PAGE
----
Article

Physical illness in patients with severe mental disorders. I. Prevalence, impact of medications and disparities in health care

World psychiatry: official journal of the World Psychiatric Association (WPA) (Impact Factor: 14.23). 02/2011; 10(1):52-77. DOI: 10.1002/j.2051-5545.2011.tb00014.x
Source: PubMed

ABSTRACT

The lifespan of people with severe mental illness (SMI) is shorter compared to the general population. This excess mortality is mainly due to physical illness. We report prevalence rates of different physical illnesses as well as important individual lifestyle choices, side effects of psychotropic treatment and disparities in health care access, utilization and provision that contribute to these poor physical health outcomes. We searched MEDLINE (1966 - August 2010) combining the MeSH terms of schizophrenia, bipolar disorder and major depressive disorder with the different MeSH terms of general physical disease categories to select pertinent reviews and additional relevant studies through cross-referencing to identify prevalence figures and factors contributing to the excess morbidity and mortality rates. Nutritional and metabolic diseases, cardiovascular diseases, viral diseases, respiratory tract diseases, musculoskeletal diseases, sexual dysfunction, pregnancy complications, stomatognathic diseases, and possibly obesity-related cancers are, compared to the general population, more prevalent among people with SMI. It seems that lifestyle as well as treatment specific factors account for much of the increased risk for most of these physical diseases. Moreover, there is sufficient evidence that people with SMI are less likely to receive standard levels of care for most of these diseases. Lifestyle factors, relatively easy to measure, are barely considered for screening; baseline testing of numerous important physical parameters is insufficiently performed. Besides modifiable lifestyle factors and side effects of psychotropic medications, access to and quality of health care remains to be improved for individuals with SMI.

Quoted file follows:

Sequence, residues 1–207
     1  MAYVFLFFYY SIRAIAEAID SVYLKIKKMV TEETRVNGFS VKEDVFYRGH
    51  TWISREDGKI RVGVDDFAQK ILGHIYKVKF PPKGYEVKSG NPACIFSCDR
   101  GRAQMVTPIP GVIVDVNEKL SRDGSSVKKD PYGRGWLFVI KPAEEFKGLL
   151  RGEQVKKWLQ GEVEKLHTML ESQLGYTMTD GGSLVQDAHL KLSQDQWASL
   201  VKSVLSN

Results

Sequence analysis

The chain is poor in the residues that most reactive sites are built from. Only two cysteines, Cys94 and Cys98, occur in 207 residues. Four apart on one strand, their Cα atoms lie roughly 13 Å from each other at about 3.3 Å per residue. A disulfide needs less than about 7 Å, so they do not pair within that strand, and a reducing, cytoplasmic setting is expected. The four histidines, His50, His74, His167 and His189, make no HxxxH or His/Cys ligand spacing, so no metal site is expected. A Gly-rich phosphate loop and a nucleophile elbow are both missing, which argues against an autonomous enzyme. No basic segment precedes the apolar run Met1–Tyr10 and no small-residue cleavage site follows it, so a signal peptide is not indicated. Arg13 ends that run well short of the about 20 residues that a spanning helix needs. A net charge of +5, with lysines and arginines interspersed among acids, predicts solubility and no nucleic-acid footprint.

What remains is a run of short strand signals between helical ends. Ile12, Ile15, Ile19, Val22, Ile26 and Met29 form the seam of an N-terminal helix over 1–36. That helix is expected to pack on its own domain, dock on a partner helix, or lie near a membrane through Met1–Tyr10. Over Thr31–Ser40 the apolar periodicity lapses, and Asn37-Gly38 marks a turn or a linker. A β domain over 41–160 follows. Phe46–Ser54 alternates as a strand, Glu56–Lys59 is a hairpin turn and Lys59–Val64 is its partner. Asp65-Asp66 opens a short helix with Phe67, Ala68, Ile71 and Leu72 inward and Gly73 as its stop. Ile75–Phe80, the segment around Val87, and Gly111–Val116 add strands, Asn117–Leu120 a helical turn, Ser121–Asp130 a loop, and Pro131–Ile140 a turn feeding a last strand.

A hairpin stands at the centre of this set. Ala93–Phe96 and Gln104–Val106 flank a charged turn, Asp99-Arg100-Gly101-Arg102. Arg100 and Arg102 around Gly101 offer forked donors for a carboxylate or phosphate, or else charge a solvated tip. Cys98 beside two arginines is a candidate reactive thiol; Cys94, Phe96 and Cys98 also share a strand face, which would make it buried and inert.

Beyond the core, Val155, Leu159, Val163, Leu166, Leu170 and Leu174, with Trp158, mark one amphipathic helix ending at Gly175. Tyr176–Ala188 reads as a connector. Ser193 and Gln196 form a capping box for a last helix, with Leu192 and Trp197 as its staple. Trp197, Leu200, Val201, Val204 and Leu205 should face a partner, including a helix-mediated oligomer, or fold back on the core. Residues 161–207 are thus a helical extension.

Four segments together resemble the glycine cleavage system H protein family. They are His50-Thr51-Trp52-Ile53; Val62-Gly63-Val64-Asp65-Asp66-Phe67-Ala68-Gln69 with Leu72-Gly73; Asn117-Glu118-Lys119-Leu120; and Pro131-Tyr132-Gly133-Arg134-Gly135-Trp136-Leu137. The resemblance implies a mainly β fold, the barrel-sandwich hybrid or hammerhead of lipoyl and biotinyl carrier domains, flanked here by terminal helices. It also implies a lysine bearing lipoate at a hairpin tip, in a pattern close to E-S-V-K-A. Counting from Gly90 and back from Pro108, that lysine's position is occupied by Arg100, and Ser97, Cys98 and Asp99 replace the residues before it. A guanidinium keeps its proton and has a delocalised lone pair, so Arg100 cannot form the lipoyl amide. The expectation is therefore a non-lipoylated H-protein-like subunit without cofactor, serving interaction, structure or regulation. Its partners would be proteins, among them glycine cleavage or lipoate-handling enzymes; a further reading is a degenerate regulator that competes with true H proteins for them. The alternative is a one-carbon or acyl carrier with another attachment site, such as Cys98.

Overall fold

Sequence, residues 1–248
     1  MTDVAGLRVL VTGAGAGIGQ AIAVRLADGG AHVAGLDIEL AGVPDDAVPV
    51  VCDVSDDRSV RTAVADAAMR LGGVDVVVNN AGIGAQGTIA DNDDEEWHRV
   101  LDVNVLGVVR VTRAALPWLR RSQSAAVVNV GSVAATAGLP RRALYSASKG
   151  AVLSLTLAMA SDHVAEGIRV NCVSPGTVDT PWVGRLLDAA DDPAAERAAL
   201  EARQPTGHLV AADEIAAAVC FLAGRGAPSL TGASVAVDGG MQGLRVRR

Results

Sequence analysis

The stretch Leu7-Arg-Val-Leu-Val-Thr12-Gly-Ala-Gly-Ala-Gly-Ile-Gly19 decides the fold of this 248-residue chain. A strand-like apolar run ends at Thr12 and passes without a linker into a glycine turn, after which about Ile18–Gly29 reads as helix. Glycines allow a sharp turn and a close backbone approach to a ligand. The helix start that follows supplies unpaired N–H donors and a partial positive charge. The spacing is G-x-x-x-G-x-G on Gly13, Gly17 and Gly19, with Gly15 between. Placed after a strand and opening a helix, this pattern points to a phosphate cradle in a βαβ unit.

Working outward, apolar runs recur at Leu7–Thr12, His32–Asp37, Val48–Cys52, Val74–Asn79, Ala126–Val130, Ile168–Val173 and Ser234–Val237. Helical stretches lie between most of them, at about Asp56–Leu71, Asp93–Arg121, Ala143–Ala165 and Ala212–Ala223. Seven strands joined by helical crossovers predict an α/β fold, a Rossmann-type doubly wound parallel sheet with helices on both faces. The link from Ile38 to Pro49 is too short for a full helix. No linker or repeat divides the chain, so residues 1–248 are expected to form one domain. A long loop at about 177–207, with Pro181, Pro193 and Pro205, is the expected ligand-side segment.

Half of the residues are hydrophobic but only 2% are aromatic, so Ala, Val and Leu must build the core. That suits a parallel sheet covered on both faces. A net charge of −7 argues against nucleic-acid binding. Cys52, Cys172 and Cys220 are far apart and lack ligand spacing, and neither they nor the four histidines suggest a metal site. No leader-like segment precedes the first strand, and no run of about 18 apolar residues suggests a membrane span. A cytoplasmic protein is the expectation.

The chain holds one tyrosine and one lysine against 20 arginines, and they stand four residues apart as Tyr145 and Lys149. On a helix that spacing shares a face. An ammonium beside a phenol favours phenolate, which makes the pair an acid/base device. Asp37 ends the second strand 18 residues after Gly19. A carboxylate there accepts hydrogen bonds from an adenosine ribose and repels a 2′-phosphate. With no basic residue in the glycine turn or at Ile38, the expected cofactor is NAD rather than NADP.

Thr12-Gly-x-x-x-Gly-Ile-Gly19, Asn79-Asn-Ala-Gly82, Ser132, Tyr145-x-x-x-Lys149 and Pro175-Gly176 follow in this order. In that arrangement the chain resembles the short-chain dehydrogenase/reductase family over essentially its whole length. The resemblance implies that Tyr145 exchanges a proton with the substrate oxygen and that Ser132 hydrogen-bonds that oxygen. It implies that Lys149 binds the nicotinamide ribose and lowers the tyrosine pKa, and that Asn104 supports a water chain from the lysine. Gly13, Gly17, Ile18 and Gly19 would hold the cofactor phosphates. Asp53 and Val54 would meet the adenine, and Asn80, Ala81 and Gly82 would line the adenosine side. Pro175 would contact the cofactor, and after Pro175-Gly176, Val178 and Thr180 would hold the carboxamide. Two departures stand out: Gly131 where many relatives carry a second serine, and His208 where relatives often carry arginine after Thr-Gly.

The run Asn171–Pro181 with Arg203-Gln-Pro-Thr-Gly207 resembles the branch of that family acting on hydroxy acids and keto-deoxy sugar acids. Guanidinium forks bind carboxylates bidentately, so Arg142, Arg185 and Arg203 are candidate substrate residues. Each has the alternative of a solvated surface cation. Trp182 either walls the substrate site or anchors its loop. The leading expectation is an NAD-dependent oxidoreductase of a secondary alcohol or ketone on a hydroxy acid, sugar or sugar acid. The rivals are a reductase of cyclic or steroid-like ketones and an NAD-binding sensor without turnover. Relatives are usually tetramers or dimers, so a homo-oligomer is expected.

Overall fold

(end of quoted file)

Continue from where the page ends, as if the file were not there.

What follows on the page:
Download full-text

Full-text

Available from: Marc De Hert
  • Source
    • "among people with severe mental illness is significantly higher than for the general population (De Hert et al. 2011). Much of the elevated morbidity and mortality has been linked with the relatively high rates of smoking amongst this group (Department of Health 2011). "

    Full-text · Article · Nov 2015
  • Source
    • "Despite the recognition that bipolar disorder imposes a tremendous health burden, lifestyle interventions designed to address medical co-morbidities are scarce. Also only a limited number of screening, monitoring and treatment guidelines refer to the role of physical activity and exercise in people with severe mental illness, yet none of these guidelines have an adequate focus on the importance of cardiorespiratory fitness testing within this population (De Hert et al., 2011). Cardiorespiratory fitness is an important health outcome measure, predictive for cardiorespiratory diseases and premature mortality (Kodoma et al., 2009) and sensitive to physical activity (Naci and Ioannidis, 2013), also in people with severe mental illness (Vancampfort et al., 2015b). "
    [Show abstract] [Hide abstract]